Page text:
Evaluation of concordance of variant to phenotype associations in mouse and human.
In: Student Reports, Summer 2017, Jackson Laboratory
Dr. Cynthia Smith, Dr. Susan M. Bello and Debra M. Krupke
Epilepsy is a neurological disorder that is subdivided by syndrome. During the diagnosis a patient’s genome may be sequenced to determine treatment, identify the causative variant(s), and study these variants in a mouse model. The question asked in this study is what level of granularity (the phenotype, the gene variant, or the effect of the gene variant) will yield the most useful and accurate results for candidate gene analysis. Mouse models and human gene variants were compared in order to answer the question. Mouse Genome Informatics (MGI), Search Tool for the Retrieval of Interacting Genes/Proteins (STRING), and ClinVar were used to collect gene sets and gene variants for ion channel genes pathogenic in epilepsy. The pathogenic and likely pathogenic human variants were matched to mouse models by phenotype, sequence variant, type of mutation, and mutation location (exon). These data were analyzed by principal component analysis (PCA) and returned mutation type and mutation location as principal component 1 (PC1) and principal component 2 (PC2), respectively. Humanized mice are more informative than knockout of knockin mice. Studying disease moving forward researchers may want to focus on developing mouse models that mimic human gene variants by mutation location and mutation type to ensure models are as accurate as possible.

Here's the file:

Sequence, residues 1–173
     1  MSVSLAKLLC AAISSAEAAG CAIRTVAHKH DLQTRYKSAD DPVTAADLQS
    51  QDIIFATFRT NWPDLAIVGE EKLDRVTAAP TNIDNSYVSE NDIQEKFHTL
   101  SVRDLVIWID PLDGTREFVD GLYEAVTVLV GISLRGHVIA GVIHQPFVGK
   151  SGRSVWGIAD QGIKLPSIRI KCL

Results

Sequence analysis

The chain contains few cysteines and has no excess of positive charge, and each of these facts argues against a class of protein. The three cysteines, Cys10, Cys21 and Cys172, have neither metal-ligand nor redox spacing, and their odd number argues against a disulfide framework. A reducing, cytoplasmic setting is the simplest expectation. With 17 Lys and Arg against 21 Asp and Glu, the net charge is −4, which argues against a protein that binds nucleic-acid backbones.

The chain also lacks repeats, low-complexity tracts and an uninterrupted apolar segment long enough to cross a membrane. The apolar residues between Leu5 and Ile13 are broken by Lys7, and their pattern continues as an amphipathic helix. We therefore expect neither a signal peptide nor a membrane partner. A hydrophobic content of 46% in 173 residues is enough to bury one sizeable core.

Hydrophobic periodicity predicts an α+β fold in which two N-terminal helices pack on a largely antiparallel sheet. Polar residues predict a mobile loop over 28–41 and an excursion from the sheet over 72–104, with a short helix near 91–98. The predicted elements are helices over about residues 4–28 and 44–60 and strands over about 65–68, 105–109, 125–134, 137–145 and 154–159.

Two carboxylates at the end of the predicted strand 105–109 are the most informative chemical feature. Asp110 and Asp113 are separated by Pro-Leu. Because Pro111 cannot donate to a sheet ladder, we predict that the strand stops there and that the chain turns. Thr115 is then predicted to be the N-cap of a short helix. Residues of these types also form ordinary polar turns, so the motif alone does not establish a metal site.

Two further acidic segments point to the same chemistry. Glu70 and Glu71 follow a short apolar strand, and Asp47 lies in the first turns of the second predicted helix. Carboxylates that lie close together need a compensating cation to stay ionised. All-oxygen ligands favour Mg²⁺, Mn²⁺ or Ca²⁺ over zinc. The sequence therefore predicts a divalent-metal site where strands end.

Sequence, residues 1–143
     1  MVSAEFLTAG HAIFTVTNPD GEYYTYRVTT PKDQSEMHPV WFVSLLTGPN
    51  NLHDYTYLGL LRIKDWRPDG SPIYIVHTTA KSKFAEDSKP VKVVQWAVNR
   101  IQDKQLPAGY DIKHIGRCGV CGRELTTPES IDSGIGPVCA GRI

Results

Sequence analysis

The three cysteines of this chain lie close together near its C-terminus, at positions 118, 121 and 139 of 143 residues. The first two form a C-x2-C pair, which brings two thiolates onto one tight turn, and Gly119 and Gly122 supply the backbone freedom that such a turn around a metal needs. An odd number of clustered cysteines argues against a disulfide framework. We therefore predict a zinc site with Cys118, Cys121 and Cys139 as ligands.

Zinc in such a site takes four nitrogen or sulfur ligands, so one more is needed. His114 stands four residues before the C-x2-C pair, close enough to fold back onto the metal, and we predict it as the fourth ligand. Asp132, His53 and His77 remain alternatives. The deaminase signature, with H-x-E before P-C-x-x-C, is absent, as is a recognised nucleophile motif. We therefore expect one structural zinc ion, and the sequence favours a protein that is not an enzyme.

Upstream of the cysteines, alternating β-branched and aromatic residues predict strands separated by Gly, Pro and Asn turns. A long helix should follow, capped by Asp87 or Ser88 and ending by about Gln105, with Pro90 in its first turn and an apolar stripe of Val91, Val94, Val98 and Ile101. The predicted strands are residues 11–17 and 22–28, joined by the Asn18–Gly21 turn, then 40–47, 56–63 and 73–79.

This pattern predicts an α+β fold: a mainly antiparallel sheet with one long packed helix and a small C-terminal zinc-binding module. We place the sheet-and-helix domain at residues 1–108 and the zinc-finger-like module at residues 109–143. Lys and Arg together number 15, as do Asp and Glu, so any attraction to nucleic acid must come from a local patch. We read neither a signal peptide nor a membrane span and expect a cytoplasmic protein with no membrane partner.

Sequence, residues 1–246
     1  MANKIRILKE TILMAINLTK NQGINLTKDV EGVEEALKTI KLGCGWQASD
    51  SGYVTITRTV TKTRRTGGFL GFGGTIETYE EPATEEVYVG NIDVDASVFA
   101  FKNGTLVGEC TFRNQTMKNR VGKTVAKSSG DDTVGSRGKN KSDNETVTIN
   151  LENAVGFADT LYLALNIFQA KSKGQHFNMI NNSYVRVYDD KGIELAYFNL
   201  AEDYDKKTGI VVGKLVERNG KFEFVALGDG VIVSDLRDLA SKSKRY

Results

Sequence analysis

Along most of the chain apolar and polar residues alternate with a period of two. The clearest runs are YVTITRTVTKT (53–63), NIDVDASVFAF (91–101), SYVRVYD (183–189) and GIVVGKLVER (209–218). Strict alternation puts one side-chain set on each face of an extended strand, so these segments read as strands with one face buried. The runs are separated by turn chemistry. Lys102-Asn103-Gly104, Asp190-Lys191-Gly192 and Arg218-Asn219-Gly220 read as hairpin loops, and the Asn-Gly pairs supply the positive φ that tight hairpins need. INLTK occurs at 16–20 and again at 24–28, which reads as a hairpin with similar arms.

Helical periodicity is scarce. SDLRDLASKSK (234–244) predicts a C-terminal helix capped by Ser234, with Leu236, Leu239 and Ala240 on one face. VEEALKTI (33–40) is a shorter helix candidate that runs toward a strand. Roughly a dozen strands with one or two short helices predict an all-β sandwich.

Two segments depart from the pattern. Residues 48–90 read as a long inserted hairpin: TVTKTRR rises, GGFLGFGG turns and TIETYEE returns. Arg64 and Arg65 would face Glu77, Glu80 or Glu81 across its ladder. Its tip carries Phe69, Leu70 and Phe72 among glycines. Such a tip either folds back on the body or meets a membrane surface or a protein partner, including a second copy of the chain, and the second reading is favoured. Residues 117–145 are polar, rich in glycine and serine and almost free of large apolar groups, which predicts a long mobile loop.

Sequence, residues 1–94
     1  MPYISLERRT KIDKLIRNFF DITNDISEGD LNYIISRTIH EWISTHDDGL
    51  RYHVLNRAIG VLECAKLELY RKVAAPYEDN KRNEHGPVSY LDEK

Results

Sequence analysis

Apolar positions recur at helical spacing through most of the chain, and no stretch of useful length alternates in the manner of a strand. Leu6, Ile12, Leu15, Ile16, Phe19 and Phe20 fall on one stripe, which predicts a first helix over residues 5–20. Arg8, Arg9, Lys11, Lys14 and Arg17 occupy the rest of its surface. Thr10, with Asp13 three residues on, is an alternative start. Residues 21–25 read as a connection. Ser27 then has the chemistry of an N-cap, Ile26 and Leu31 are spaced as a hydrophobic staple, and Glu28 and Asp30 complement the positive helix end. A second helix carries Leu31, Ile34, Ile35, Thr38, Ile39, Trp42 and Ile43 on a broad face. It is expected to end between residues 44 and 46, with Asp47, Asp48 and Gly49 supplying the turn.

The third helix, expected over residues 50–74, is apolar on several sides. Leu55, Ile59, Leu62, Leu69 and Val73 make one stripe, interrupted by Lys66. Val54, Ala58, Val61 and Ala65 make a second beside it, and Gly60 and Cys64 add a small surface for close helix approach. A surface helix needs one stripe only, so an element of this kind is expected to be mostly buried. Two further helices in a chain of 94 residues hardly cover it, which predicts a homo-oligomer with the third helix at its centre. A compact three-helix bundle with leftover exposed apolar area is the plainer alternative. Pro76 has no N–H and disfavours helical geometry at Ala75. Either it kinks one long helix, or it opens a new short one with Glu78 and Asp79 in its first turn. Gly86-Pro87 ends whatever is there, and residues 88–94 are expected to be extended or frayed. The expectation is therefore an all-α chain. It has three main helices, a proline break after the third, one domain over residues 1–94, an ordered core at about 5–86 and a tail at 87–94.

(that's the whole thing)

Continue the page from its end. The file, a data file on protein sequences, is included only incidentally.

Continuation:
Alvarado, Cassandra, "Evaluation of concordance of variant to phenotype associations in mouse and human." (2017). Summer and Academic Year Student Reports. 2567.